# Flow line in conservative vector field

## Homework Statement

Recall that a flow line, c(t), of a vector field F has c'(t)=F(c(t)) at all times t. Show all work below.
a.) Let c(t) be the flow line of a particle moving in a conservative force field F=-grad(f), where f:R^3->R, f(x,y,z) >=0 for all (x,y,z), represents the potential energy at each point in space. Prove that the particle will always move towards a point with lower potential energy. What is the limit of F(c(t)) as t goes to infinity?

c'(t)=F(c(t))

## The Attempt at a Solution

We are trying to show that f(c(t)) is a decreasing function of t. So far, I have that

But I am not sure if this really helps at all. Is this the right direction to go in, or am I completely off base?

STEMucator
Homework Helper
Recall that vectors in a vector field are tangent to the flow lines. Since ##\vec c(t)## is a flow line, you know that ##\vec F(\vec c(t)) = \vec c'(t)##. That is, the vector field of the flow line is equal to the tangent to the flow line for all times ##t##.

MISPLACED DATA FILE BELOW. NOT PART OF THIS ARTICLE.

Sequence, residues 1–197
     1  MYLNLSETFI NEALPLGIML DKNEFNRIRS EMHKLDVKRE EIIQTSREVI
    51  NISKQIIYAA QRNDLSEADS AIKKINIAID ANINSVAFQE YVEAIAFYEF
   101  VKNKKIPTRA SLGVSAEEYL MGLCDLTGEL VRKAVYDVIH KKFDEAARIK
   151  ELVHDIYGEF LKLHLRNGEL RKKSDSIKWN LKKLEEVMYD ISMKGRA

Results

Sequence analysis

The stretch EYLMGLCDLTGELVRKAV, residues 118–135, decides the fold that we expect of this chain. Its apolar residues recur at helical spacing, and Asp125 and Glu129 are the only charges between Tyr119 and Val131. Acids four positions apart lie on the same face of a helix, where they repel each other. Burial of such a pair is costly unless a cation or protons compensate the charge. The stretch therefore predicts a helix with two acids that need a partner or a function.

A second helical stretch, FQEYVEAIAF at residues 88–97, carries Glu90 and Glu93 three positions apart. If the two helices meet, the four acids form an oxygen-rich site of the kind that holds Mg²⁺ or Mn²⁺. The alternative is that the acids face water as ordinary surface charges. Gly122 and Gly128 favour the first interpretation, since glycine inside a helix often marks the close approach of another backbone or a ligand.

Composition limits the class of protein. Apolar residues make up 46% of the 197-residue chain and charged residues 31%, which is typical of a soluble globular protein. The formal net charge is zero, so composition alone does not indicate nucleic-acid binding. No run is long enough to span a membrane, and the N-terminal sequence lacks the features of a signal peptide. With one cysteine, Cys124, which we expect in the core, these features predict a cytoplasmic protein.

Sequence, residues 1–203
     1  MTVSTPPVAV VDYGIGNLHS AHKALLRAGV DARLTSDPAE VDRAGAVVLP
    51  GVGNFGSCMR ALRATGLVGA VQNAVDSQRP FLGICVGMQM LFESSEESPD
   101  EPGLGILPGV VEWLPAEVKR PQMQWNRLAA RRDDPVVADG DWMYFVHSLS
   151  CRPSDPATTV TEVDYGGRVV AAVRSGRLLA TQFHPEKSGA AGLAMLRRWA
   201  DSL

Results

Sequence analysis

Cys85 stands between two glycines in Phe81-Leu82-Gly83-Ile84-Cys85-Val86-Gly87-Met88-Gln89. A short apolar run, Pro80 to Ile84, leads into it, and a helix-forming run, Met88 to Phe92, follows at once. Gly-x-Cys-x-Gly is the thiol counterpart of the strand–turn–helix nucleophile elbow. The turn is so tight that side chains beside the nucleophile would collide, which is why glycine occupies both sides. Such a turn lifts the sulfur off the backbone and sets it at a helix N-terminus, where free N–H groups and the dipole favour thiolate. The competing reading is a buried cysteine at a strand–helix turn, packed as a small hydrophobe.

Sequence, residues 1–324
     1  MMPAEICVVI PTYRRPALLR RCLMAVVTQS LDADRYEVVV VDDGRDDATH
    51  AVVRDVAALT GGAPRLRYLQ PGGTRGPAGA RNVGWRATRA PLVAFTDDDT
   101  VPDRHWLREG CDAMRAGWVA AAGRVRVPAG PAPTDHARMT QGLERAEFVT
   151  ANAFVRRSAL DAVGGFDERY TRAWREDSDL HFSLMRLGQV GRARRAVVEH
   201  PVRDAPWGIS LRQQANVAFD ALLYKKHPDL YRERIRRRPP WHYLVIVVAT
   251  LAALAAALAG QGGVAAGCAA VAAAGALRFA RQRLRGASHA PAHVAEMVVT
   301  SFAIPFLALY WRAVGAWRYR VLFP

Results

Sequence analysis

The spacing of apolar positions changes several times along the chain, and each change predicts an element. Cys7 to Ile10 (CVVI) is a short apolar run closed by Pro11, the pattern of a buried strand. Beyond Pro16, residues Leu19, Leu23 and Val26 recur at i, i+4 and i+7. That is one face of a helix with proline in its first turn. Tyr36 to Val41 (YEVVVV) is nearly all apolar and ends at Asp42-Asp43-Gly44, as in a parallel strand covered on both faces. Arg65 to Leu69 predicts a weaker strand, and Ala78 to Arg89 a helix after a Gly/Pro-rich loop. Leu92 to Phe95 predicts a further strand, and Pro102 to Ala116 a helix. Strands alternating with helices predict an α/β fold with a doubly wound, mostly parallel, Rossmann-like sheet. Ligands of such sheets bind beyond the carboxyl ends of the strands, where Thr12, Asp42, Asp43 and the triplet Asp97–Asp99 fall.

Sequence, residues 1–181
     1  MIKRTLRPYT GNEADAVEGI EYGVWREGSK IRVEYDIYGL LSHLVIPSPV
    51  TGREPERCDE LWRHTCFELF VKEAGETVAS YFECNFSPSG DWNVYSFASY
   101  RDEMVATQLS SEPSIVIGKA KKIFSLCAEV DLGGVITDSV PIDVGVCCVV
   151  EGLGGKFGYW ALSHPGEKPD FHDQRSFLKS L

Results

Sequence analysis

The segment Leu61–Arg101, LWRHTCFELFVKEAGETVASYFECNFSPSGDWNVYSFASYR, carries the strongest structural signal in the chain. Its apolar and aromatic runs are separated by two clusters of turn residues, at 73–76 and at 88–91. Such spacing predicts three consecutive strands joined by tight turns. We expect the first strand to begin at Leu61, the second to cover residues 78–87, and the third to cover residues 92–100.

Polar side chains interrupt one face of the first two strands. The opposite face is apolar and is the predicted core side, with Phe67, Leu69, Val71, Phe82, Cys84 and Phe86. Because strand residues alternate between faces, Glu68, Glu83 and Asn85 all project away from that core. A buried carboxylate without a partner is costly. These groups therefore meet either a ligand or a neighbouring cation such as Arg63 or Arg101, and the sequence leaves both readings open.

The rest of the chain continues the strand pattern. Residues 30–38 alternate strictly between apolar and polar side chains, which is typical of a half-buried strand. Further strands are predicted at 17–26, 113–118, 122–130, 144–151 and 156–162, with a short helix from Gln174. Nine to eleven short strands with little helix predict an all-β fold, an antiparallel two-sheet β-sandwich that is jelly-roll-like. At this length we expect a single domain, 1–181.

You know ##\vec F## is conservative, and so ##\vec F = - \vec{\nabla f} = -(f_x \hat i + f_y \hat j + f_z \hat k)## for some potential function ##f(x, y, z) \geq 0##. The gradient of a function gives the direction of fastest increase. So minus the gradient gives the direction of fastest decrease.

Hence ##\vec F(\vec c(t)) = - \vec{\nabla f}(\vec c(t)) = \vec c'(t)##. Notice the tangent to the flow line is equal to the negative of the gradient of the potential function (which is decreasing). So it must be the case ##\vec c'(t)## is also decreasing. So as the particle moves along the flow line ##\vec c(t)##, its potential energy is decreasing.

Now what about ##\displaystyle \lim_{t \rightarrow \infty} \vec F(\vec c(t))##?